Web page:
Times Square Ball Drop: How Did this New Year's Eve Tradition Begin?


times square ballHow did a giant ball slowly descending on Times Square become our national symbol of New Year's Eve, and why on earth is Dick Clark in charge of it? Our story begins way back in the twentieth century, when The New York Times persuaded the city of New York to rename the area in front of their building Times Square. Let's just think about that for a moment, because before that most squares were named to commemorate an inspiring person or heroic/tragic event (Washington Square, Trafalgar Square). But to have a commercial enterprise get naming rights made Times Square the NCAA Tostitos Fiesta Bowl of 1904.


At the end of that year, the Times sponsored a New Year's Eve celebration that culminated in fireworks launching from the top of their offices. But apparently that didn't attract enough drunken tourists looking for a place to pee, so in 1907 the paper's chief electrician was commissioned to wire up a 700-pound iron ball that would slowly lower from a flagpole on top of the building, landing at 12:00:01 a.m. And everyone watching on the ground would have to cross their legs and hold it because the Porta-Potty wouldn't be invented for another 60 years.

Now, Dick Clark wasn't born until 1929, and then he was busy growing up in the suburbs, being neighbors with Ed McMahon, and posing for clean-cut American Bandstand head shots.

I still can't fathom the fact that American Bandstand was on every weekday. They gave that show five 90-mintue time slots a week for like 40 years. At a time when there were only six channels on everybody's TV. That's just an astonishing amount of airtime devoted to teenagers dancing in chunky heels, and Yes, it is fun being 150 years old and remembering these things without having to look them up on Wikipedia, thanks for asking.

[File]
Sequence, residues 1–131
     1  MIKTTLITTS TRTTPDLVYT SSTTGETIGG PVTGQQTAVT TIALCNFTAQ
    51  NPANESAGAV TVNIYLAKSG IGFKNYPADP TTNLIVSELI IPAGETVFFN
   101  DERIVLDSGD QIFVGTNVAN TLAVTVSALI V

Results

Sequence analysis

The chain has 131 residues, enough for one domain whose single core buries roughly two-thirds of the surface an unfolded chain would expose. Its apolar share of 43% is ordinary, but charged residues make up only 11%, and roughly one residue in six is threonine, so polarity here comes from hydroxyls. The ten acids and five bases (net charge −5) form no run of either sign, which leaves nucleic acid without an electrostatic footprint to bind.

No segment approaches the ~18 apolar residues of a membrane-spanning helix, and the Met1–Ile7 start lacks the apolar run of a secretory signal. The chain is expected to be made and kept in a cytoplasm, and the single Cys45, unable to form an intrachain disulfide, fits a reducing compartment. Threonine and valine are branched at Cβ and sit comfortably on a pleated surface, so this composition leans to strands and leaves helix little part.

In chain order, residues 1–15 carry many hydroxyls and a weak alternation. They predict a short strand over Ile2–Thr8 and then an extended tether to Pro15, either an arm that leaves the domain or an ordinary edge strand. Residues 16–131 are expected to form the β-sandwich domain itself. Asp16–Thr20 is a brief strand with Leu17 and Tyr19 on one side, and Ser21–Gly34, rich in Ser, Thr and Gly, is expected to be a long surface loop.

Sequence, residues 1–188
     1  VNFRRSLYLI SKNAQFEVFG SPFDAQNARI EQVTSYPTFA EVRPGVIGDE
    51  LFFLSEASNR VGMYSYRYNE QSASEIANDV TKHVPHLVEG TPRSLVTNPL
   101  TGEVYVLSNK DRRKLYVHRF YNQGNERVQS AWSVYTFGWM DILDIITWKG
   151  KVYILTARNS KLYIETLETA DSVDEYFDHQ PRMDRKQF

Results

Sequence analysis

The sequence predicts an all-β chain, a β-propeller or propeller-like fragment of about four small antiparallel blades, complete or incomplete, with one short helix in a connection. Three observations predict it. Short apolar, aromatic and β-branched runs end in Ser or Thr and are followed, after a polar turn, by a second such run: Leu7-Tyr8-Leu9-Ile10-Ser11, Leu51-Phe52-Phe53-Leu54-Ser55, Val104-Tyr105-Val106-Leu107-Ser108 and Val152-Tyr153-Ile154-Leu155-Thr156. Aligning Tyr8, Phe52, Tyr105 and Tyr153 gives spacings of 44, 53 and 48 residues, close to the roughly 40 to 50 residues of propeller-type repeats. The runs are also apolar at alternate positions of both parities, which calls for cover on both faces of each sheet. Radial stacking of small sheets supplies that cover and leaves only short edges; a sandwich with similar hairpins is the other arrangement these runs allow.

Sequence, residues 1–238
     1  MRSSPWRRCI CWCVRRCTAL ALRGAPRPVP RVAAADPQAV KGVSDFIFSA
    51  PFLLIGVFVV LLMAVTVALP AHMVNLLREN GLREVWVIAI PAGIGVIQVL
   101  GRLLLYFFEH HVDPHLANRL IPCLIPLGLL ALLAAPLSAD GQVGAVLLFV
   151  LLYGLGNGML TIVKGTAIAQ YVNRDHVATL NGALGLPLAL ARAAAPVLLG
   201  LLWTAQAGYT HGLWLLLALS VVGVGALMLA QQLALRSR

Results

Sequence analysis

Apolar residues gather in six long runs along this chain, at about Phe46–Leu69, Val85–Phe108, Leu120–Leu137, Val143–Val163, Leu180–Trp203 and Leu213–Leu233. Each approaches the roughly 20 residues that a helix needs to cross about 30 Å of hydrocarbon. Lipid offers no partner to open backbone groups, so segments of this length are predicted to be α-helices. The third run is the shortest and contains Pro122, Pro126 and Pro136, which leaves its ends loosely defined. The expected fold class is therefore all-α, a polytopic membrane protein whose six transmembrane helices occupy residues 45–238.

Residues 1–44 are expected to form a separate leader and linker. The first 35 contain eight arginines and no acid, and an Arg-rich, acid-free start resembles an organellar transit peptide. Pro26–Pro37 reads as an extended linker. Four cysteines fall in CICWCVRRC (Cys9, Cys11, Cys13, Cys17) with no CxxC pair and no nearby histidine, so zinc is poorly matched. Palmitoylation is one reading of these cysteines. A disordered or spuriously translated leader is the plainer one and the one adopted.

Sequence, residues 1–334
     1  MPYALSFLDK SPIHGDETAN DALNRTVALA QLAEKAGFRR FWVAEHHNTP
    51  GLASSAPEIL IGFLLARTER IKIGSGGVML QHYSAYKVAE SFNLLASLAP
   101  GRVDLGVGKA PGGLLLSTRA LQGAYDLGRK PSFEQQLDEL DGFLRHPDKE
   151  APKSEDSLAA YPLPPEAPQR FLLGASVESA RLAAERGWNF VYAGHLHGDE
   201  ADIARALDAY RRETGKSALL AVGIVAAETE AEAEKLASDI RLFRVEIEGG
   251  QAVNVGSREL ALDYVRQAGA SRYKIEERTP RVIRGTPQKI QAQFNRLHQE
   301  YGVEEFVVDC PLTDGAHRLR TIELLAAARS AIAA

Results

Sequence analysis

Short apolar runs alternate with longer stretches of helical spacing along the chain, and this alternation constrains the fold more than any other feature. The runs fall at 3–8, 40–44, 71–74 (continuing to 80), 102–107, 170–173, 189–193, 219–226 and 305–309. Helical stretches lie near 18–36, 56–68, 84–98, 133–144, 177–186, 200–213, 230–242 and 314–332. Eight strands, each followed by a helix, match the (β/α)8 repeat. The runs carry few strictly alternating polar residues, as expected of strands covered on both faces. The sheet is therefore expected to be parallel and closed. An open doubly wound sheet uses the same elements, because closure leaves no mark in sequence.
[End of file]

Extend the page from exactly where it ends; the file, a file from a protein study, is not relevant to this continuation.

So, being dubbed "America's Oldest Teenager," Clark was a natural fit for the televised New Year's Eve celebration, which he took over in 1972. His appeal was wide; he was male and white and nonthreatening during a time of rapid and radical social change, and the old folks who were grumpy about him taking over for Guy Lombardo would be dead soon enough anyway.

As for the appeal of a giant, glowing ball covered in Swarovski crystals slowly sliding down a giant pole in the middle of what used to be the strip club capital of the United States . . . uh, yeah, hmm. How exactly did that happen? Good thing Rudolph Giuliani replaced the dirty book stores with that giant Toys R Us. *ahem* But it's an easy visual symbol to mark the last few seconds of the old year, and you don't even have to be old enough to read to shout along with everyone on TV as the big ball comes down. It makes the whole night official, as you can hear entire neighborhoods erupting in "Happy New Year!" simultaneously, letting us all share the moment, time zone by time zone, thanks to Dick's Giant Ball.

Mr. Clark had a stroke in 2004, and Regis Philbin filled in as host that year. In 2005, Clark brought the professionally handsome and all-around supportive guy Ryan Seacrest on board to do the heavy lifting (i.e., banter with Fergie and stand out in the cold wearing little more than electric socks and a smile).

Oh, Dick. It will be a sad day when you're gone.

Times Square photo by Stuart Moreton/Flickr.

"American Bandstand" publicity photo/Public Domain.

Dick Clark, Ryan Seacrest photo by Kevin Winter/Getty Images.

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